Herbert Warren Wind once said that Betty Jameson and Ben Hogan could hit a golf ball straighter than anybody he had ever seen. But Jameson, unlike Hogan, never achieved fame and fortune playing golf, which is exactly why she may have been the proudest woman in America on July 10. In 1950 she and 12 other female golfers (including Babe Didrikson Zaharias) founded the LPGA, which would help set the stage for women's professional tennis, Title IX and the jaw-dropping scene she saw on her television on that July afternoon: a gorgeous blimp shot of the Rose Bowl, filled with 90,185 fans, all of them there to watch a women's sporting event. "I was just glued to my TV," says Jameson, 80. "It was the most thrilling thing I've ever seen."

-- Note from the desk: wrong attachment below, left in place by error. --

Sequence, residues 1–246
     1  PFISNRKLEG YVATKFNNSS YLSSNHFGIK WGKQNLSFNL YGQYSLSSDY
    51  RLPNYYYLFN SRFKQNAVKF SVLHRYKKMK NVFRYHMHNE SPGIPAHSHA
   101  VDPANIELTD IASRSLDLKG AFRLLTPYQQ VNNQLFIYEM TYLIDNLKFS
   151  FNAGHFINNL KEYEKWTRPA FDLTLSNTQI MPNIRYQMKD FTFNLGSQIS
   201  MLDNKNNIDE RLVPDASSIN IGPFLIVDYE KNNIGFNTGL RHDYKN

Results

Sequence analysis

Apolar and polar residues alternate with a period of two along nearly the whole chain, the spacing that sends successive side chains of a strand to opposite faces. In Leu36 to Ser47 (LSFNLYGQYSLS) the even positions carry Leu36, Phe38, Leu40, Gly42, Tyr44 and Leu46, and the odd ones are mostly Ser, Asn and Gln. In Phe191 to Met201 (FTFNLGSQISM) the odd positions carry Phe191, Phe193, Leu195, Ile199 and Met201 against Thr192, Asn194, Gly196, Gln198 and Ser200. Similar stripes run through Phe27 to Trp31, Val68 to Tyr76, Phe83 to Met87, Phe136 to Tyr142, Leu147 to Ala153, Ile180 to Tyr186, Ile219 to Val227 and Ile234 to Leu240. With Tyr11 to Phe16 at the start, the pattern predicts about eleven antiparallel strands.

Jameson screamed with delight when Brandi Chastain made the World Cup-winning penalty kick, and she got chills again upon meeting the U.S. team in October, when the Women's Sports Foundation inducted Jameson into its Hall of Fame. "It's a sisterhood," Jameson says of the bond she shares with her fellow pioneers. "There's such a charm and exuberance about these girls. I was just in awe of them."